On professional autonomy, NOA through this individual disputed the position of MDCAN” that every professional with right qualification can appoint himself/ herself as a consultant but not in hospital setting” At this point, I challenge the secretary to inform the general public what their new responsibilities are going to be if they are appointed as consultants in hospital setting. They should also name the countries in the world where optometrists are being appointed as consultants.  There is nothing that  demonstrated  the secretary’s shallow understanding of medical care than his statement that “medical care of a patient in or outside hospital setting involves the triad of diagnosis, advice and treatment “I am sure even medical students reading this article will be laughing at this deficient statement. Still on professional autonomy, he  said, “NMA continues to arrogantly refer to other health care as pretending professionally or publically, to have skills, knowledge or qualification they do not possess” I think the NOA are actually feeling guilty here because they are the ones that commonly establish private practice and parade themselves as eye doctors (ophthalmologist) to defraud ordinary citizens of their hard earning.

In organized society, when optometrists use the title ”Dr” in their name, they usually follow it with optometrist in bracket at the end of the names e.g. Dr Joseph Isa (Optometrist). This is to avoid deceiving general public into believing that  they are physicians.  Do our Nigerian optometrists do the same?

The Secretary further accused NMA of opposing anything good coming their way ” What else but greed and witchcraft could make anyone maliciously obstruct anything good that is coming the way of his neighbor, even when it does not reduce his own lot or change his status” he said. This statement is nothing but a testimony of egomania of NOA. They demonstrated that they are only concerned about pecuniary advantage not minding the consequences of their demands  on the health sector at large  and the patients in particular. Their craves for being appointed as consultant is all about specialist allowance not for provision  of quality care.

I know many people do not know the difference between ophthalmologist, optometrist and optician as well as their  role in the realm of medical practice. Ophthalmologists are medical doctors who specialize in eye and vision care. It takes between 5 to 6 years of postgraduate training to become ophthalmologist after undergraduate training of 6 plus years and they are licensed to provide medical and surgical care of opthalmic patients. They occupy the highest position in  pyramid of eye care. Optometrist ,on the other hand,are health care professionals that deal with primary vision care and they dispense spectacles.They usually spend 4 to 6 years in university to be qualified as optometrist. Opticians are technicians that specialize in fitting and dispensing spectacles and contact lens.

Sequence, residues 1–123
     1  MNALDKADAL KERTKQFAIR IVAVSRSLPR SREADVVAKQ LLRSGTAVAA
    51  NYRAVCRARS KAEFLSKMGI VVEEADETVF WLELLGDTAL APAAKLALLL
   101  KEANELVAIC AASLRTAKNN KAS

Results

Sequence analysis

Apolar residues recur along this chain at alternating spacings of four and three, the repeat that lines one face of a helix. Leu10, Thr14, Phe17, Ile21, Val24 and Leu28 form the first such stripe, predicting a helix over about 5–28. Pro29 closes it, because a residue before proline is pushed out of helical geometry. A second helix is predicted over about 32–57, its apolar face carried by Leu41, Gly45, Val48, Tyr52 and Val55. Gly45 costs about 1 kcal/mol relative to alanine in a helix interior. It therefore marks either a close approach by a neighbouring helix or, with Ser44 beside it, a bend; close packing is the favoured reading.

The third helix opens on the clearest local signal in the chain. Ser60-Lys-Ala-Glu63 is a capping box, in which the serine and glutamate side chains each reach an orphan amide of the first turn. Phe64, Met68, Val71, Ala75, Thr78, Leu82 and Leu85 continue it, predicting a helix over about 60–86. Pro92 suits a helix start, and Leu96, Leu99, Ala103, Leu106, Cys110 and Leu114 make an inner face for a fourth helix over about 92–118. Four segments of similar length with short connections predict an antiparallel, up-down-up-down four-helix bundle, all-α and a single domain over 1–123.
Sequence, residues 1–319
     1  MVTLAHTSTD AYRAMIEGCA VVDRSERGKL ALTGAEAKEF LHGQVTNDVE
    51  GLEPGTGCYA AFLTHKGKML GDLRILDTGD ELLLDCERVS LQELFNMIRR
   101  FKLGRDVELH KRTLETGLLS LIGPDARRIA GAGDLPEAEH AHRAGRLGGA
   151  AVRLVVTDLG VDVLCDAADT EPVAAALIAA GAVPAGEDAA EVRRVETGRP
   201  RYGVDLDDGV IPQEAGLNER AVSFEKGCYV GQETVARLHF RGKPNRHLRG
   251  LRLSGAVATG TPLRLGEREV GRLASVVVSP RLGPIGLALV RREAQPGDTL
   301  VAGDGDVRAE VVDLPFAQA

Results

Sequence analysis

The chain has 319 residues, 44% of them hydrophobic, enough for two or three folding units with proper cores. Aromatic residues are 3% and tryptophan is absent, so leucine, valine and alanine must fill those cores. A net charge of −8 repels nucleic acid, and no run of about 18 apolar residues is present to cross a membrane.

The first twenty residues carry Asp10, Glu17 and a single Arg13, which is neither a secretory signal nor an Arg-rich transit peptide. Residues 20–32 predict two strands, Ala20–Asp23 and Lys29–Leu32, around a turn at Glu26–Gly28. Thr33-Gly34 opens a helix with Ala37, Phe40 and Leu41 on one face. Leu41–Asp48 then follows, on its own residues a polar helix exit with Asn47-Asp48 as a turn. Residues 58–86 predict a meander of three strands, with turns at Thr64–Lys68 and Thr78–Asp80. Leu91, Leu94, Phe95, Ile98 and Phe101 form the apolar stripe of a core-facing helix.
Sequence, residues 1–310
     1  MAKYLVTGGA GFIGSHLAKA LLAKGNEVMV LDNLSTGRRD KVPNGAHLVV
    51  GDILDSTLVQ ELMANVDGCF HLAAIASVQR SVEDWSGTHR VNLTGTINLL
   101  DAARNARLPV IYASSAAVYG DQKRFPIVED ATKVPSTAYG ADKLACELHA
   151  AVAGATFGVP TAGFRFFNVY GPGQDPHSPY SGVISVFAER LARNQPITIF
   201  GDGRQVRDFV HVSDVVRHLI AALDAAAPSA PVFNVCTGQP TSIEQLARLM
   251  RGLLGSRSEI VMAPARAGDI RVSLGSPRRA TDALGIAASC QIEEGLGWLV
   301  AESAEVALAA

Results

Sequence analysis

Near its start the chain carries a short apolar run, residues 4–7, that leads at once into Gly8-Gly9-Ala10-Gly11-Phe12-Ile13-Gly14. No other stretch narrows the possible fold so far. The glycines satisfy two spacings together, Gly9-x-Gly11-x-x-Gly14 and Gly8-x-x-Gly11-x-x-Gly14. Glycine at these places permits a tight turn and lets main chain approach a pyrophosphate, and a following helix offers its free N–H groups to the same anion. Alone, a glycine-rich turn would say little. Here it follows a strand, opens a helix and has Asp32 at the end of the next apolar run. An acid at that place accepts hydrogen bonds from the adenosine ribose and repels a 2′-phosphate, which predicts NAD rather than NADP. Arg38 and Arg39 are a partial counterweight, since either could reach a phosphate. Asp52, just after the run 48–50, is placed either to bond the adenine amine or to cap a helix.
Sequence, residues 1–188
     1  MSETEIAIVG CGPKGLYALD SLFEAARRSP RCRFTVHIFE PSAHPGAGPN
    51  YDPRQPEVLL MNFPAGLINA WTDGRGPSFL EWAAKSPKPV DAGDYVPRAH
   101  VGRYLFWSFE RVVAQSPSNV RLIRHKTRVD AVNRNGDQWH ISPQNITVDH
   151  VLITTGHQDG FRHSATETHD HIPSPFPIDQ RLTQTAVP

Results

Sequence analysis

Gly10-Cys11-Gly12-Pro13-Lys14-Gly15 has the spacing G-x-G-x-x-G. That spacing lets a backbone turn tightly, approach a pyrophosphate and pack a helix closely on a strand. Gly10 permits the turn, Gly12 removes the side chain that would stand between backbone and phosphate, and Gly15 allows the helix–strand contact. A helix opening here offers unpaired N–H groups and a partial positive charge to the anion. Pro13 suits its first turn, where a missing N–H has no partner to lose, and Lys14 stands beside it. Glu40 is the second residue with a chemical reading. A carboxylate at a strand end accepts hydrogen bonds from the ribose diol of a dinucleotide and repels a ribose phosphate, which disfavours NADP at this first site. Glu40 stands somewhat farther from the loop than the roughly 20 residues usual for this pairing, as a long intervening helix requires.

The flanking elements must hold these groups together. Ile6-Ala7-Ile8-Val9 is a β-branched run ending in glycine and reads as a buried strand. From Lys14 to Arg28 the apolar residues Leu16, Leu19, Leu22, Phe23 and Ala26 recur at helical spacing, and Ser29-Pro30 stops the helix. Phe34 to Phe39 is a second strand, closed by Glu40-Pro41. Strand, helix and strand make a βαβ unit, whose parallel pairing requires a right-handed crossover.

The issue of optometrists in Nigerian health sector is a quintessential example of the confusion that could be generated when international best practice is jettisoned and professionals start to crisscross. Imagine the chaos and pandemonium that will be brought into the hospital setting if pharmacists, nurses, medical laboratory scientists, physiotherists etc. are to be allowed to use the title “Dr” in Nigerian health system. This is what NMA is trying to prevent.

The secretary should desist from misinforming the general public  and needs to understand that every body in the hospital works to help a doctor. The same scenario is found in the military where everybody works to help infantry officers.

 

The Author is Dr Abdullahi Sadiq Mohammed is a Eye surgeon and Glaucoma Specialist who currently works at the National Eye Centre Kaduna, Nigeria (abdullahisadiq274@gmail.com)

 

(Visited 32 times, 1 visits today)
JOIN THE NEW DoctorsQuarters.com BBM CHANNEL ON C0015D291... Its New And RefreshingFacebooktwittergoogle_pluslinkedinrssyoutubeby feather
Facebooktwittergoogle_plusredditpinterestlinkedinmailby feather
admin
The Admin is a Medical and Dental Council of Nigeria Certified Medical Doctor, with profound expertise in Medical Content Creation and Medical Citizen Journalism. He is popular for being a fast rising online voice in Nigeria, with a flair for animated writing. He is a professional health content writer. He loves to swim, read and play board games. He see himself as one who is destined to play a role in the way health services are rendered to the human race.
http://www.doctorquarters.com